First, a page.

Change on the right in New Zealand

New Zealand’s National Party has a new leader this week. Christopher Luxon, a first-term MP but formerly chief executive of Air New Zealand, was elected unopposed to the job on Tuesday, following the removal by the party last week of the previous leader, Judith Collins. Nicola Willis was elected as his deputy.

Luxon thus becomes National’s fifth leader in less than four years. Its most recent prime minister, Bill English, stayed on for a few months after losing the 2017 election; two more leaders came and went before Collins, who led the party to a landslide defeat last year. She promised to see out another term, but that was never likely to work, and after a snap demotion of one of her predecessors the party room decided it was time for a change.

Luxon faces a formidable task, with the Labour government of prime minister Jacinda Ardern having won 50.0% of the vote at the last election, almost double National’s total, and a majority in its own right for the first time under proportional representation. But he has almost two years to work on it, and while the opposition is behind in the polls its position is far from hopeless. (Although the fact that the soft-libertarian ACT forms a growing component of the opposition’s strength produces tensions of its own.)

For much of last century, New Zealand’s politics moved in close alignment with Australia’s: a wartime Labo(u)r government defeated in 1949, a long post-war conservative ascendancy (with one brief interruption in New Zealand’s case), then a short Labo(u)r government in 1972-75 followed by a conservative government that resisted economic reform before going down to defeat in the early 1980s.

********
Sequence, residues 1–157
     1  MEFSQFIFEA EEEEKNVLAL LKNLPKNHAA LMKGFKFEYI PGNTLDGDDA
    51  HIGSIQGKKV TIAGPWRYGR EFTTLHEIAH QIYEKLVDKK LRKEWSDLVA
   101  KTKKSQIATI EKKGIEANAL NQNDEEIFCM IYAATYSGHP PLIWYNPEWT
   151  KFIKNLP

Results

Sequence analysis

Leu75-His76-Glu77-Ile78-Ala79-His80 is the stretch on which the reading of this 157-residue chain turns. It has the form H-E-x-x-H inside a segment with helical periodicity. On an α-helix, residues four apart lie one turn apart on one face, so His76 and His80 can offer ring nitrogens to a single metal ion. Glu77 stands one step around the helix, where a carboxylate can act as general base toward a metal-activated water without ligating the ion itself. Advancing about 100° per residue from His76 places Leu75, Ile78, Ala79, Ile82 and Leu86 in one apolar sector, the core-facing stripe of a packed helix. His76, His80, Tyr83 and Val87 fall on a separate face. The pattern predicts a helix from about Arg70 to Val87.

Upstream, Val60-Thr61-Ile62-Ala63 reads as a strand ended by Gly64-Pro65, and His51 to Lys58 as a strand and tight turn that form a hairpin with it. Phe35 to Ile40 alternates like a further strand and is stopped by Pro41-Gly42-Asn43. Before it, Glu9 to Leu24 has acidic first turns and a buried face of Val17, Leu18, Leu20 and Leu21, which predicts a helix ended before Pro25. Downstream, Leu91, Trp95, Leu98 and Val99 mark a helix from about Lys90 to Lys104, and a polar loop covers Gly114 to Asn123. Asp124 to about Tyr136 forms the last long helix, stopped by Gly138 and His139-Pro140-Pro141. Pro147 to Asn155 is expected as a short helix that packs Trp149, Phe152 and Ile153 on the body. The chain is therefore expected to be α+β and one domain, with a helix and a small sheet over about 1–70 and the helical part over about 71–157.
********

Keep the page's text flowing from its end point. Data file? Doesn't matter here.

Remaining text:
But although both new governments then tried to modernise the economy, New Zealand was more of a basket case so its Labour Party had a bigger task. It broke under the strain, and National returned to office in 1990. From there the streams diverged: National took up the torch of reform, serving three terms before defeat in 1999; Australia’s Liberals instead turned to the “relaxed and comfortable” John Howard, who won a landslide in 1996 and survived several near death experiences until 2007.

So in New Zealand it was Labour who took on the complacent Howard-like role, resting on the laurels of reform while proclaiming its determination to go no further. And it was National that suffered an identity crisis more like Labor’s in Australia, with chronic leadership instability broken only by the long tenure of the moderate John Key, leader from 2006 and prime minister from 2008 to 2016.

Key’s success – aided by such structural factors as proportional representation and the absence of News Corp – meant that National never fell into the control of the hard right the way its Australian counterpart did. But since English unexpectedly lost office (due to the far-right NZ First reaching a deal with Labour) it has seemed rudderless and unsure of itself.

Being in opposition anywhere has been a difficult gig in the last two years, as Covid-19 has driven a general swing towards incumbents. Ardern has been particularly successful, and last year’s big win was no surprise. But successful leadership in a crisis does not always translate to public approval once the crisis has passed, so it may be that the (still hypothetical) transition to normality will throw up opportunities for Luxon and National.

Ideologically the new leader is a conservative, but as a newcomer to parliament he is relatively free from factional baggage and apparently enjoys Key’s strong support. Whether experience in running an airline will prove useful for running a dysfunctional political party, only time will tell.


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